sound sound your instruments of joy Sometimes when you think about the Watersons, when you think of this collection of 80 odd songs mostly performed by unaccompanied voices with distinct Yorkshire (where I live) accents, you wonder why anybody would need a collection of 80 odd such songs. But then when you’ve spent several days glorying in the power, magic, the majesty and the variety of four voices exploring singing and song, you wonder why humans ever bothered to invent musical instruments, why they didn’t just explore and exploit the endless possibilities of the voices they were born with. This collection has confirmed to me what I suspected without consciously knowing, and what many must have known all along – that the Watersons are not merely a great force in English traditional music but great and significant artists whose names should be spoken in the same reverent tones used when mentioning Caruso, Woody Guthrie, or Robert Johnson. It is easy sometimes to think of the Watersons merely as curators of a tradition but they are something far more and far better than that – the Watersons are that tradition, alive, evolving, important, thrillingly beautiful. I wondered if 80 odd songs was too many – it’s just a start.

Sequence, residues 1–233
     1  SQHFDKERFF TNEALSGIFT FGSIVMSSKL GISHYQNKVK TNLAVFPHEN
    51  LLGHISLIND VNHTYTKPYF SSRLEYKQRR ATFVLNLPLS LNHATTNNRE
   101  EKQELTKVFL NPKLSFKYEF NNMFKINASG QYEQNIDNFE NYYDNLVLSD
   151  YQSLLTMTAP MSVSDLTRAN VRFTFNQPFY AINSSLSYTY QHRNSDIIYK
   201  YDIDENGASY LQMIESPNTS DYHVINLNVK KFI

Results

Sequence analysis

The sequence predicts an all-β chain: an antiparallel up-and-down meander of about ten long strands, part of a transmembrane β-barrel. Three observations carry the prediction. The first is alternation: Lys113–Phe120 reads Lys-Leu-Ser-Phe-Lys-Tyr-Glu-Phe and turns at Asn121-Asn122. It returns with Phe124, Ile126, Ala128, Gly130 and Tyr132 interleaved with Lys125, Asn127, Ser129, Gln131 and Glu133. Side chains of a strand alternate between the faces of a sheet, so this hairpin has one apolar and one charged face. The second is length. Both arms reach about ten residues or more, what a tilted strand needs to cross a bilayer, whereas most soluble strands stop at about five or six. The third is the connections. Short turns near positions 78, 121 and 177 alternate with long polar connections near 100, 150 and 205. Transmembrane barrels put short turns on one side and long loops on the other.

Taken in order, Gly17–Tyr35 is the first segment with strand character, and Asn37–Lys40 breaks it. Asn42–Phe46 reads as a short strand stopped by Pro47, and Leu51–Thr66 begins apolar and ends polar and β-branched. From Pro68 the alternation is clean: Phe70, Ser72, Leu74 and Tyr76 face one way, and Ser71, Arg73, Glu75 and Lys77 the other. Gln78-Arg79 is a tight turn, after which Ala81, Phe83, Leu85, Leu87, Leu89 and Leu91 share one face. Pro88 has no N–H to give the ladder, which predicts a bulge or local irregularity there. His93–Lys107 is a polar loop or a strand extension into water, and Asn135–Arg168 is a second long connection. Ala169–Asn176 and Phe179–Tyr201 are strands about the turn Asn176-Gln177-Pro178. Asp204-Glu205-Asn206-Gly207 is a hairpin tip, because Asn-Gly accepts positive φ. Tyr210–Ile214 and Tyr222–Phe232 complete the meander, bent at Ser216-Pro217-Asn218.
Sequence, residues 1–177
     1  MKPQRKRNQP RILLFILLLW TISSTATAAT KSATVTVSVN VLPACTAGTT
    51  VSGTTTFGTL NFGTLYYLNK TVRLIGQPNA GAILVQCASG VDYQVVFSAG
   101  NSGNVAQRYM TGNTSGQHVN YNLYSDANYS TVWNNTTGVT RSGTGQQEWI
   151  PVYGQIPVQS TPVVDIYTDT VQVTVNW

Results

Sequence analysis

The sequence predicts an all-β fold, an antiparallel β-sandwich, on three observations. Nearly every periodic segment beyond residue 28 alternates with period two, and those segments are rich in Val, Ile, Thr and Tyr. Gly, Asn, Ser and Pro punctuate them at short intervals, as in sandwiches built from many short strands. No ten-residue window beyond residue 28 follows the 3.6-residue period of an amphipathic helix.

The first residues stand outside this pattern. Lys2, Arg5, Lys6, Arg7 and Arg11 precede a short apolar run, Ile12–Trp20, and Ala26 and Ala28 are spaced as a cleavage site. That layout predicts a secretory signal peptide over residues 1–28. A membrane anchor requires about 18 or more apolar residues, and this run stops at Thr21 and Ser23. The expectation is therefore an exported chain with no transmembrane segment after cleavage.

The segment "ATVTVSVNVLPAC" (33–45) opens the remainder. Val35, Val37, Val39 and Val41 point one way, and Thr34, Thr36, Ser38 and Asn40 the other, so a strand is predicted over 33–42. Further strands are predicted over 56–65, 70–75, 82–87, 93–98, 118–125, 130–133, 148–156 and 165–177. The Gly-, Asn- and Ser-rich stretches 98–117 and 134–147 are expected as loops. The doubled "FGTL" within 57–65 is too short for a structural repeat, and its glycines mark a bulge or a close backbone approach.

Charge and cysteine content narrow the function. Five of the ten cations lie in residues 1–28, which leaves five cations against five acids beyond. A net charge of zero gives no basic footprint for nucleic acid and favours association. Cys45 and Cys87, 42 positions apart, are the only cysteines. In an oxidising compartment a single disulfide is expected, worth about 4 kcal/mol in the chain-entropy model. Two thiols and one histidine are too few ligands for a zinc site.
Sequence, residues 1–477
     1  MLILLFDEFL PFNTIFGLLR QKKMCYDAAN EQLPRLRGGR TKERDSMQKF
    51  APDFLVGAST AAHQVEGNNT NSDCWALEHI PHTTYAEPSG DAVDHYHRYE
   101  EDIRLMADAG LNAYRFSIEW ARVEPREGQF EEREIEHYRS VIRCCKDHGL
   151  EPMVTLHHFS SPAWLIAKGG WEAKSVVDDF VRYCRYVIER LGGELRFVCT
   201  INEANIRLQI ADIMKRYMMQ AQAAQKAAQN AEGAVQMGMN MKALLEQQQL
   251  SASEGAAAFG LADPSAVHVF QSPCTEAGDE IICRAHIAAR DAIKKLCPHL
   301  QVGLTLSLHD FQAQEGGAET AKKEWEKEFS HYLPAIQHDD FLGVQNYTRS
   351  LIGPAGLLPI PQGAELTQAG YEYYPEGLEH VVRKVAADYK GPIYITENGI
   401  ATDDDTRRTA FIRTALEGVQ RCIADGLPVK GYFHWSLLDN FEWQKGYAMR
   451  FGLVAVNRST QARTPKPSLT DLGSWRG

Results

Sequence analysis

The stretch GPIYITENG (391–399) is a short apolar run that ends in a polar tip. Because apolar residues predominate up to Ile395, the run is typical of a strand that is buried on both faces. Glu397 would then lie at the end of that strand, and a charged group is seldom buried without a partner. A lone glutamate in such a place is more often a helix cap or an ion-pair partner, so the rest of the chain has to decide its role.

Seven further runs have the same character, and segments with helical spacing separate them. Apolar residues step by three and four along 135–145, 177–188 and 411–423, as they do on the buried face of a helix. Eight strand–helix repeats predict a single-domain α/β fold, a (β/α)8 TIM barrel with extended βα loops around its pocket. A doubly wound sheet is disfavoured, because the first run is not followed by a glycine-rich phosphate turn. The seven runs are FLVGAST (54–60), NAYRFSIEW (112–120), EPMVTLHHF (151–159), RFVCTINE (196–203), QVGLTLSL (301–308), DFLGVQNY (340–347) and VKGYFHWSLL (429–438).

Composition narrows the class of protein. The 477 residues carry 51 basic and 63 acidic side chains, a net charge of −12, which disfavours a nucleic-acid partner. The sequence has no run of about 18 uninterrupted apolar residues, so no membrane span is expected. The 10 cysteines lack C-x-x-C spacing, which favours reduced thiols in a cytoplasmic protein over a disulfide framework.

The best thing ever to come out of Hull A month or so ago, word went round the Cumberland Arms that Mike Waterson and Louis Killen were playing a gig at the Wilson Family’s club about 40 miles ago. I got word of this about 3 hours before the gig, dropped everything and headed down to Wolverston. If you’re based in the North East it’s relatively easy to catch Louis Killen at one folk club or another, but Mike Waterson doesn’t seem to get out that much.
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